Italian Elections Result in Surge of Populist, Far Right Parties

By: AGF Investments • March 5, 2018

Italians headed to the polls on Sunday, March 4 for national elections, the first since 2013, together with regional elections in Lombardy and Lazio. Participation was high at 74%. Voters elected the new members of the Chamber of Deputies (630 seats) and the Senate (320 seats) under the new electoral law (“Rosatellum”), which implies that two-thirds of seats have been allocated by a pure proportional system and by a “first-past-the-post” majority system. Thus, official seats have not yet been determined. Nonetheless, both houses are essentially equally powerful, with approval required from both to form a new government. Under the new law, if no party or coalition reaches a majority, it is up to President Sergio Mattarella to decide which party or coalition will be given the chance to form a government following the election.

The results of the election show that no major party or coalition will win an absolute majority (40%), leading to a hung parliament as voters rushed to anti-establishment and far-right groups in record numbers in favour of the “protest vote” (Figures 1-2). The stronger-than-expected rise of the anti-establishment Five Star Movement (M5S), led by 31-year old Luigi Di Maio, emerged as the largest single party, while the incumbent Democratic Party (PD), led by prime minster Matteo Renzi, and former Prime Minister Silvio Berlusconi’s centre-right party Forza Italia suffered the largest setback. The right-wing populist Northern League also did better than expected. The two populist parties now garner 50% of the vote, which is unprecedented in Europe where the populist vote had been rising across Europe for several years but had not captured nearly half the vote. This occurred despite the fact that the Italian economy has performed strongly.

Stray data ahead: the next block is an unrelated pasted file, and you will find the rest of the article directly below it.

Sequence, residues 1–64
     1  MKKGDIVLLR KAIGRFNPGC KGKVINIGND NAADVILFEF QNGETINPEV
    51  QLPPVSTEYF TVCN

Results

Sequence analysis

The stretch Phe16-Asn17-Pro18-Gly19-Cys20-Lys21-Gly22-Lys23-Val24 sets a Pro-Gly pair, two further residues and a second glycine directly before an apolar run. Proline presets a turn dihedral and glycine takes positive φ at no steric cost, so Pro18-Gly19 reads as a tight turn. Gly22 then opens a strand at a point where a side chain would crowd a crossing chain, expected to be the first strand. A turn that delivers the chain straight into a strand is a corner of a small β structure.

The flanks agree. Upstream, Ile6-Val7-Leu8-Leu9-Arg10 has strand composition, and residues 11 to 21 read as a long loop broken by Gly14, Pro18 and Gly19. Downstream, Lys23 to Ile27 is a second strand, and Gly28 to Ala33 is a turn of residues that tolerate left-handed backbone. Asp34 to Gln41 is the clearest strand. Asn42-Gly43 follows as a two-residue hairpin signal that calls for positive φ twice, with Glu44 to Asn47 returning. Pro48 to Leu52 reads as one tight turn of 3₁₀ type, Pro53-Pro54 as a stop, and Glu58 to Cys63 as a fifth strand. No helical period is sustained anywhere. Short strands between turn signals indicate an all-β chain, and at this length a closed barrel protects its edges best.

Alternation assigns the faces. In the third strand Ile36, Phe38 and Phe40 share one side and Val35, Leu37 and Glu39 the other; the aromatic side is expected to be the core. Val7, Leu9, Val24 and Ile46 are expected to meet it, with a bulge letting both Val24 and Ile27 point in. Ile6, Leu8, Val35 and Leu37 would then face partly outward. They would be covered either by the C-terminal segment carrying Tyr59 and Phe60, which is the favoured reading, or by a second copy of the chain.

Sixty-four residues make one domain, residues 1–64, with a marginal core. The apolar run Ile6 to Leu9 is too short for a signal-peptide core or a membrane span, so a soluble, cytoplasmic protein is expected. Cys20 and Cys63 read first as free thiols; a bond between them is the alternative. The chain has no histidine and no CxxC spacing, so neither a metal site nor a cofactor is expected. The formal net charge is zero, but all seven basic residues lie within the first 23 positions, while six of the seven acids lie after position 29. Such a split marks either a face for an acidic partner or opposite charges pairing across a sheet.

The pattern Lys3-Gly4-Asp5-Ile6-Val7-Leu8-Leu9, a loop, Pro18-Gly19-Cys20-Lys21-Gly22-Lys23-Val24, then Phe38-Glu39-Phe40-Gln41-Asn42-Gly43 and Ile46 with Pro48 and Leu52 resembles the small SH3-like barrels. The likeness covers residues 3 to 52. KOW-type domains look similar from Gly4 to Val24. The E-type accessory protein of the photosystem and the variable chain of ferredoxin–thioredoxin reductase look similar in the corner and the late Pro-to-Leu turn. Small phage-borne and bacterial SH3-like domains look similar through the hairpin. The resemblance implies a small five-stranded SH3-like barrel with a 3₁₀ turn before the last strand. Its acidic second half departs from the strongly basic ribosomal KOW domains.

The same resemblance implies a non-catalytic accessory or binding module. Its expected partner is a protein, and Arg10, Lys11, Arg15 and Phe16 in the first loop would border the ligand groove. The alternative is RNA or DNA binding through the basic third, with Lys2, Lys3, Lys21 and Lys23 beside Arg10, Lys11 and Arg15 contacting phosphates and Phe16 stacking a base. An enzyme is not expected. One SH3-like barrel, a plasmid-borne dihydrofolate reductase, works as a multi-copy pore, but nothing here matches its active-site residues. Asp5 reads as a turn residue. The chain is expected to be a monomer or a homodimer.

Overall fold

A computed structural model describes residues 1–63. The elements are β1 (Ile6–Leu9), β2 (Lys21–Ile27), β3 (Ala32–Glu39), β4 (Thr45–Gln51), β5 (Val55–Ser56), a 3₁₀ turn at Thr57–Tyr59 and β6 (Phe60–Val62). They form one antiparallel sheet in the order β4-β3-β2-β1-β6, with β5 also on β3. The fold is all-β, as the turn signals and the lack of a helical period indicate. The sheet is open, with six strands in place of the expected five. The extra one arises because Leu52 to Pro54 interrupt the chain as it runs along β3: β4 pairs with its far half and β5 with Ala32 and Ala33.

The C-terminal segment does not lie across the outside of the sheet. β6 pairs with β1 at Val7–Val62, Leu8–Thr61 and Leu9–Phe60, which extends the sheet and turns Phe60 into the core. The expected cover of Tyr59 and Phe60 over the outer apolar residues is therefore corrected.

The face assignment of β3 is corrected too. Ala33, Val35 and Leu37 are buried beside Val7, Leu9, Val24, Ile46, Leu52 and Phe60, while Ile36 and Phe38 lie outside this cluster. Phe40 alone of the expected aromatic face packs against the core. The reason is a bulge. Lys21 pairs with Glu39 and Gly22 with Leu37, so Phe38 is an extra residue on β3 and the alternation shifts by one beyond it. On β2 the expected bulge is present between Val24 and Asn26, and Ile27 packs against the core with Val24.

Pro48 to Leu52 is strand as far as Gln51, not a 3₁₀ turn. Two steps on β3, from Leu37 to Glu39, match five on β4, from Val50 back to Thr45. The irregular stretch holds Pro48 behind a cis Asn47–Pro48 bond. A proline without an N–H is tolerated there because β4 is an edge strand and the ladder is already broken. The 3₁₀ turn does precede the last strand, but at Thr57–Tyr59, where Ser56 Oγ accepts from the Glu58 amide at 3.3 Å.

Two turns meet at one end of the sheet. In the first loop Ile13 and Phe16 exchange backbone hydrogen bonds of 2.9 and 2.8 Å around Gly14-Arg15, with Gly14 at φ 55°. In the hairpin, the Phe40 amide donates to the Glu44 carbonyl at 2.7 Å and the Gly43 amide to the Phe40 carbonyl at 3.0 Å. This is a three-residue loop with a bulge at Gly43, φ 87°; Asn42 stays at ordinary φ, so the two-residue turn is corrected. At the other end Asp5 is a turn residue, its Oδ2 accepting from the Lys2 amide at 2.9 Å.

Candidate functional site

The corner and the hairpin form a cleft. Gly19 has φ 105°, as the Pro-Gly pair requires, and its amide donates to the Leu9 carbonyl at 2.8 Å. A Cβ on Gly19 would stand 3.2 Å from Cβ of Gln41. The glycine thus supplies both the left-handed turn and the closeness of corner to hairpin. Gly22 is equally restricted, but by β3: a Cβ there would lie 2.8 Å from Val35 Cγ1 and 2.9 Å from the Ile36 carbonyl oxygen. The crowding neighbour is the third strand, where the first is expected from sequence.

Potential Alliances, Risks and Implications

An M5S-centre left government seems to be the most probable scenario for now, though an intense political agenda and a potentially long period is likely to follow in order to forge new alliances with enough votes to support a stable government. M5S with the support from the Northern League or the centre-right with some support from the centre-left are other potential scenarios.  If it is impossible to form a government new elections will probably be held in the early summer or early fall. Based on historical experience, however, if a new government is formed it will not last much longer than a year.

Despite the rise of the anti-establishment and far-right parties, however, there still appears to be a low probability of an Italian exit (or ‘Italexit’) from the EU. In fact, even if there was strong intent to exit, the chance is quite low given the legal and constitutional barriers that must be overcome. Still, the mere possibility of an Italian government with such goals would be unnerving to markets, as experienced last year. Perhaps the bigger risk is an extended “stalemate” that leads to no political change and the lack of desperately needed economic reforms. Additionally, tensions between Italy and its European partners may increase as the latter may be less enamored by the newly forged alliances. This could result in Italy’s partners demanding risk reduction at the national level before further steps towards integration and risk sharing can be made across the EU.